Australian police defend tip that led to executions

2015-05-04 20:21
Andrew Chan. (Jewel Samad, AFP)

Andrew Chan. (Jewel Samad, AFP)

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Sydney - Australian federal police on Monday defended their decision to inform Indonesian authorities in 2005 about the heroin smuggling operation that ultimately led to last week's execution of two Australians.

Police were tipped off by the father of Scott Rush, one of the nine Australians involved in the drug-smuggling ring, broadcaster ABC reported.

Rush said his son was about to leave Australia with a gang to try to smuggle drugs back into Australia, the report said.

The father hoped the Australian police would arrest his son and the gang before they left the country, as he feared they could face the death penalty if caught in Indonesia.

Instead, Australian police tipped off the Indonesians, who caught the nine smugglers at Denpasar airport with the heroin on them.

Australian Federal Police (AFP) commissioner Andrew Colvin said there was not enough evidence to arrest the Australians before they left the country.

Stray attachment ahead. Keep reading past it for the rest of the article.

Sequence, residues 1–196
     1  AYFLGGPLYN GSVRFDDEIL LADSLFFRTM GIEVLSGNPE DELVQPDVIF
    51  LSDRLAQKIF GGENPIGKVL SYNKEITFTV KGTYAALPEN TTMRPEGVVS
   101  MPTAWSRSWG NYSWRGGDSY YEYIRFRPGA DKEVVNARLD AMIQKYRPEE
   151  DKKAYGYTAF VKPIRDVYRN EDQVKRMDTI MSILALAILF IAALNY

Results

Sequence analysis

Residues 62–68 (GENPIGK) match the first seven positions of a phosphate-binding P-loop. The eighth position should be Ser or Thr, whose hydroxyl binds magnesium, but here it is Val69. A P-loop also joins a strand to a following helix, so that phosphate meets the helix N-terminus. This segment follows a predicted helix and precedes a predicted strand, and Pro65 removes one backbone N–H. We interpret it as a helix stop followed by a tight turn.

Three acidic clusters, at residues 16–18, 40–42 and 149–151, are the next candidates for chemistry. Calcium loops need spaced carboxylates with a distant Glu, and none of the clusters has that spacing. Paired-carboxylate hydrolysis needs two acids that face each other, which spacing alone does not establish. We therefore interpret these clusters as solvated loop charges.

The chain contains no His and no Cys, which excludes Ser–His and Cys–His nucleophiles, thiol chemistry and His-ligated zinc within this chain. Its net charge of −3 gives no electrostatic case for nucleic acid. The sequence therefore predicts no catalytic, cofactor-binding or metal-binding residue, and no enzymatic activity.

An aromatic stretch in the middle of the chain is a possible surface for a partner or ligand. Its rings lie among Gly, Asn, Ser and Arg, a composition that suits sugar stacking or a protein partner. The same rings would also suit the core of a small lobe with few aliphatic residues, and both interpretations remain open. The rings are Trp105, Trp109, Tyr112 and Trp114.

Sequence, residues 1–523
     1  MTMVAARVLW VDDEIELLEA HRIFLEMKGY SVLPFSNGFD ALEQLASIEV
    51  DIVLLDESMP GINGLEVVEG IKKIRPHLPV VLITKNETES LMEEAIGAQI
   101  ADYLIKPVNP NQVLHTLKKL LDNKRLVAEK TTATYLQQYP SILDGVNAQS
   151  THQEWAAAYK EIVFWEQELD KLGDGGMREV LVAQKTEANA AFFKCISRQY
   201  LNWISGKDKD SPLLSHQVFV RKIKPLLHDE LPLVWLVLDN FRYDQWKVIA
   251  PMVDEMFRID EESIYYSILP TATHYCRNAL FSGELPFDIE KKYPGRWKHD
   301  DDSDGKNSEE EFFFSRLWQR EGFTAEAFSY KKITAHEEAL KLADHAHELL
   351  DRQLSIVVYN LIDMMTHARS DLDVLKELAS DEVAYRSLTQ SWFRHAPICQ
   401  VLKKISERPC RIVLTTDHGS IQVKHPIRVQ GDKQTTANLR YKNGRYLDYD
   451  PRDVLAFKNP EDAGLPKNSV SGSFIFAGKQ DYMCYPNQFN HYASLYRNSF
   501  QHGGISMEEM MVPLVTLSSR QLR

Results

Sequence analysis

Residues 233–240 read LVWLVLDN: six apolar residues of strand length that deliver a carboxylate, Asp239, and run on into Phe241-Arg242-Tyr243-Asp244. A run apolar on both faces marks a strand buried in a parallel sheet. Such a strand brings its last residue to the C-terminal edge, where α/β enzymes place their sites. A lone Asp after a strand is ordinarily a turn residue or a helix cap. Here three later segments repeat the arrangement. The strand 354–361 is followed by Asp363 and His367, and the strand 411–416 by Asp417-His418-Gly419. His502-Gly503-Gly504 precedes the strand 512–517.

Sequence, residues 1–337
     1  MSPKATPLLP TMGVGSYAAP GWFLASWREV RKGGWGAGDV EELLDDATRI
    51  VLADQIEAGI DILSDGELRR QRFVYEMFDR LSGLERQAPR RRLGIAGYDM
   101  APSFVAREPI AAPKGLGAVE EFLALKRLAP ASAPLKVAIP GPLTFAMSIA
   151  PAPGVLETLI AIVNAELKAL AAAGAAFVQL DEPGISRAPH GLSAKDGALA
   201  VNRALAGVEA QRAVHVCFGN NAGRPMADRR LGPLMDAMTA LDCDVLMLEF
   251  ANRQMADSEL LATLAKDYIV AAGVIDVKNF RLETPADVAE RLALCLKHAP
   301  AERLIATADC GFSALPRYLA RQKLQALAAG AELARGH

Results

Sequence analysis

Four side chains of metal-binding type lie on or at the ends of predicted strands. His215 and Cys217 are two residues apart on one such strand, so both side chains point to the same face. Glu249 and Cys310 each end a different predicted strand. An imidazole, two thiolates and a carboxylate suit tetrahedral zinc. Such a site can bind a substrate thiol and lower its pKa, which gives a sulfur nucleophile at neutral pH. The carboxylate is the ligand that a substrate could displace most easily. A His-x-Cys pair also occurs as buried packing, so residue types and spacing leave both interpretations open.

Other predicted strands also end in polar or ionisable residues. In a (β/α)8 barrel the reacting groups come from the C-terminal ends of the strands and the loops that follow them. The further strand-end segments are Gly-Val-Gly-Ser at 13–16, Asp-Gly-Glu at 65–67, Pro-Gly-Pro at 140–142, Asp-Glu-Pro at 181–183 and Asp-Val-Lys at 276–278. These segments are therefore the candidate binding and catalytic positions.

"At the time we were working with a very incomplete picture," Colvin told a press conference in Canberra. "We didn't know everybody involved, we didn't know all the plans, or even what the illicit commodity was likely to be.

"At this time, AFP consulted and engaged our Indonesian partners and asked for their assistance."

Colvin said accusations that the AFP had "blood on its hands" were misinformed, misguided and in "very bad taste".

He refused to apologise for the tip to the Indonesians that led to the execution last week of the smuggling ringleaders Andrew Chan and Myuran Sukumaran.

"We can't apologise for the role we have in stopping drugs," he said.

Between 2007-11, there were 4 100 reported deaths in Australia from heroin and other opiates, he said.

Read more on:    indonesia  |  australia  |  narcotics

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